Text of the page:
Durham's Move To Make Holiday Celebration More Inclusive Sparks Out-Of-State Complaints
The town of Durham has been the target of angry messages from across the country after making some changes to its annual holiday celebration.
Officials say they hoped to make Saturday's event more inclusive and less Christmas-centric. But some locals say they wish the decision had been handled differently.
The biggest change to Durham's event is in the name - instead of the Annual Tree Lighting, it'll now be called Frost Fest, and instead of lighting a Christmas tree during the event, the tree will be lit the whole time.
Santa will also be there the whole time as well, rather than arriving on a fire truck part way through the event, as he's done in previous years.
Durham town manager Todd Selig says the changes stemmed from some locals' concerns that the event wasn't welcoming for non-Christian residents.
"And it's created a good deal of controversy here," he says.
Selig says he and the town council began to hear from people who saw the move as an attack on tradition after news of the changes spread online, including on some conservative blogs and in a Union Leader editorial.
Selig says the vast majority of complaints were from out of state. Many were irate, profane, even threatening - accusing the town of bowing to political correctness - and saying people who didn't feel welcome at a Christmas event should feel free to not join in.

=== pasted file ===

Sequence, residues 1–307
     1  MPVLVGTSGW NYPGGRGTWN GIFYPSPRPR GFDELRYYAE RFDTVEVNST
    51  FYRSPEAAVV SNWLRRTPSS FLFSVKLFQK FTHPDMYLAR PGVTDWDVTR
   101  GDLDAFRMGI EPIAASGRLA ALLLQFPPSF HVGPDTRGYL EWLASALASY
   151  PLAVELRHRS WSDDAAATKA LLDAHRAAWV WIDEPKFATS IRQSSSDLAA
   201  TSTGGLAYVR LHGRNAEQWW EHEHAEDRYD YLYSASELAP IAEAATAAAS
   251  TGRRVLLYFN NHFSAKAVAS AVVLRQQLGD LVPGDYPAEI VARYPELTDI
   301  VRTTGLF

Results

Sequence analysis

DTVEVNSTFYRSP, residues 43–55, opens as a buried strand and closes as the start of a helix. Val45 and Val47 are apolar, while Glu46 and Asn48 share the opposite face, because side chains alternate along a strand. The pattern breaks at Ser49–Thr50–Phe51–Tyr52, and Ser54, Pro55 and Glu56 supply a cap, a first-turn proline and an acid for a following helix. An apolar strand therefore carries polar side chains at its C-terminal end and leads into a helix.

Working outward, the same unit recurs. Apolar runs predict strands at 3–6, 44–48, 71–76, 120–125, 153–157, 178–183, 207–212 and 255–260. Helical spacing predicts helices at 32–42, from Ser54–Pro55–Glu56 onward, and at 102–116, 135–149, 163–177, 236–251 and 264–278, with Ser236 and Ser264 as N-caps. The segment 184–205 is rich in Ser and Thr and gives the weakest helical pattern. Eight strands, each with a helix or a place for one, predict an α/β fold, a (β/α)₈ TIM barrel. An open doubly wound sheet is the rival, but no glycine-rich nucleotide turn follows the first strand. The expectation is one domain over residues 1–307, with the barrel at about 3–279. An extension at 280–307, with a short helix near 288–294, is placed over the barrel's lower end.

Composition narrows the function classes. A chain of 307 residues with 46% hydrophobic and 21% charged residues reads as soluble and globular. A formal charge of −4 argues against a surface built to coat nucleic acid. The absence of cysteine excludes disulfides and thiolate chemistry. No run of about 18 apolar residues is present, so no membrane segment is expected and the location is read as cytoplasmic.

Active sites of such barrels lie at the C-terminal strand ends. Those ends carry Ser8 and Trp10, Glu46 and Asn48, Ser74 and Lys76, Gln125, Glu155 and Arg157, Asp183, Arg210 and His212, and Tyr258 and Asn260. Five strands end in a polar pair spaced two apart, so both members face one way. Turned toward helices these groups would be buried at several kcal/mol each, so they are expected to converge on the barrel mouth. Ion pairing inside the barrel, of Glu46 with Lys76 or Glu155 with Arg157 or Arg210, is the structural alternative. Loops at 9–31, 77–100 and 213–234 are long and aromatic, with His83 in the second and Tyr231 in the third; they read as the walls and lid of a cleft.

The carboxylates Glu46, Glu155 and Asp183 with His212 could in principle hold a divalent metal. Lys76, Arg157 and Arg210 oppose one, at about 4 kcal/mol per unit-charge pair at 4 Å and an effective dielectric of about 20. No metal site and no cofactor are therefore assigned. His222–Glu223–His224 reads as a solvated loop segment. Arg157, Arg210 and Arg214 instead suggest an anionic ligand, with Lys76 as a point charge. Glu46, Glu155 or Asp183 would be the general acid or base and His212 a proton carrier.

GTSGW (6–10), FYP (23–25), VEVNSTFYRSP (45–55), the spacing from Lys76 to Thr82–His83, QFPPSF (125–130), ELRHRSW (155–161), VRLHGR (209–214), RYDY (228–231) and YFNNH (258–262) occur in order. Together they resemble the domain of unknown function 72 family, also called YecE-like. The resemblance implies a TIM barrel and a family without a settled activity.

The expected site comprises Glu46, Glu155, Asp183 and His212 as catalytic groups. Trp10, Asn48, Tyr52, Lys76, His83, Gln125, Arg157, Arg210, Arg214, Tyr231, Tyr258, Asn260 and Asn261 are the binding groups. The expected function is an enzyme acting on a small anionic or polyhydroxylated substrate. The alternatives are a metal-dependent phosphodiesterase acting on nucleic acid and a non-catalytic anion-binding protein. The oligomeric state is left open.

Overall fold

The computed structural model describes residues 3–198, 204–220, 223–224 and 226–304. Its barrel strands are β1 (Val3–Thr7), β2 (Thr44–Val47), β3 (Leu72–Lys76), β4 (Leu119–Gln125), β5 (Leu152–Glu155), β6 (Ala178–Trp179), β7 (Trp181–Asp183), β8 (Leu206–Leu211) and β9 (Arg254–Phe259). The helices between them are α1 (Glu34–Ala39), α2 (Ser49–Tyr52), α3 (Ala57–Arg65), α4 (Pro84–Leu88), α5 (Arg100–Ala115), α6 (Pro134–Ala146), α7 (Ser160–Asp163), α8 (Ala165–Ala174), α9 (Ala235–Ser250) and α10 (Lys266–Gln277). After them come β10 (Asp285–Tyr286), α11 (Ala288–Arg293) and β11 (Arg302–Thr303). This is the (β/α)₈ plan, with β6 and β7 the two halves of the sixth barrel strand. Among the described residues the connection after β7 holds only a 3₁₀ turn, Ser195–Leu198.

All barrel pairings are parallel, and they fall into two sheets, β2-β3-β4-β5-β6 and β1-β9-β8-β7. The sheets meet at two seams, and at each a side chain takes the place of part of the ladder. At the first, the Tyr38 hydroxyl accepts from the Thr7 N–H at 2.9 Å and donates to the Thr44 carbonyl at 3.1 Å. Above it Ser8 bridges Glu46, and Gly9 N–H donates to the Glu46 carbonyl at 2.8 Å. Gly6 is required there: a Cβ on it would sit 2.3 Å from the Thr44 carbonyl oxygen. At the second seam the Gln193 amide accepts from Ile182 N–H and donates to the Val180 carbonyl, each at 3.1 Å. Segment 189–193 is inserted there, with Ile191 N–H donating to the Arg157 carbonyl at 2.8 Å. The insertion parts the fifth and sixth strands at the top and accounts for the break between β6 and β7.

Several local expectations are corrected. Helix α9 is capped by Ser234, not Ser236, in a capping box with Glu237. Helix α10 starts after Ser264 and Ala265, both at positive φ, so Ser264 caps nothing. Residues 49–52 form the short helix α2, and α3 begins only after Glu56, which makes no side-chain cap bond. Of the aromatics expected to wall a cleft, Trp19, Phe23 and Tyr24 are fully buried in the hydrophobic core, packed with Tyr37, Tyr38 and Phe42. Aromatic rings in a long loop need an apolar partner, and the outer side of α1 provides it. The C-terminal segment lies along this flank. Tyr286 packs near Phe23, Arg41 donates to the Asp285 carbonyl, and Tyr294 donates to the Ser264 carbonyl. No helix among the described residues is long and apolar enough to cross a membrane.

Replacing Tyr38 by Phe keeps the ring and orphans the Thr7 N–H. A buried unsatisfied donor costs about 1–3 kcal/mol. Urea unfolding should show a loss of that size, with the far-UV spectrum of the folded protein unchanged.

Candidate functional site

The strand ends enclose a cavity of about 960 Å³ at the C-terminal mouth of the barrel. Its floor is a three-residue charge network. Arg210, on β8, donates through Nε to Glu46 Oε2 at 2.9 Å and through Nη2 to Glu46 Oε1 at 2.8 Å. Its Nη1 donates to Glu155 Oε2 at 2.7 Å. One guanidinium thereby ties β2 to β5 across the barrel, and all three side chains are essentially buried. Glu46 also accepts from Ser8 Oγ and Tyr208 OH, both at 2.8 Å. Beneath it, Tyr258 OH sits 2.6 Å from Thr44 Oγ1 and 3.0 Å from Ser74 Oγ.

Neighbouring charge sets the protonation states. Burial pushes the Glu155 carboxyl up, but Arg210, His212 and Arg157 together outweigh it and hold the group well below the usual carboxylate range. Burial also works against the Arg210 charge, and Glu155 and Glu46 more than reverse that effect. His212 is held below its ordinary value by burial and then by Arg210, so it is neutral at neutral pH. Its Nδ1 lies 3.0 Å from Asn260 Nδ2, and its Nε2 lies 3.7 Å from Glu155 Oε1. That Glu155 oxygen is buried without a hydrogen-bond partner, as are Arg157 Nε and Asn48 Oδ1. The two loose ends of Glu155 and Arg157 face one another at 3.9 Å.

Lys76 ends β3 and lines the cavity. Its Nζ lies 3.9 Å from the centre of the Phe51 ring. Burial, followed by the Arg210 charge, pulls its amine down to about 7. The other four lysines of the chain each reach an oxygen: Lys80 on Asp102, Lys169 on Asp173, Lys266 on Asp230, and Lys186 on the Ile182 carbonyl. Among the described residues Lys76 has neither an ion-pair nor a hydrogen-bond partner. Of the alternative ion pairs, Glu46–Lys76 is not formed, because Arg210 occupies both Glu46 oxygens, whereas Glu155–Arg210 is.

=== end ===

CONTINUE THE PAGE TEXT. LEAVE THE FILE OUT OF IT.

Earlier this week, as the new Frost Fest approached, Durham's main drag didn't feature any holiday decorations yet.
Frame shop owner Amy Gibbs says all the vitriol feels bad for business, and she worries it'll put a damper on Saturday's celebration.
"For me personally, I think that - when they want to be more inclusive, possibly adding this to it would have been better, as opposed to taking things away," she says.
Todd Selig says he's open to more changes in future, but he regrets that the discussion had to begin this way.
"With these topics that sort of cross the boundary between a purely local issue and a national conversation on inclusivity or Christmas or change," he says, "I don't know how you gently move those conversations forward."
Selig says the town hopes to get more community input next year on fine-tuning the Frost Fest. This year, it's taking place on Saturday from 6 to 8 p.m. on Durham's main street.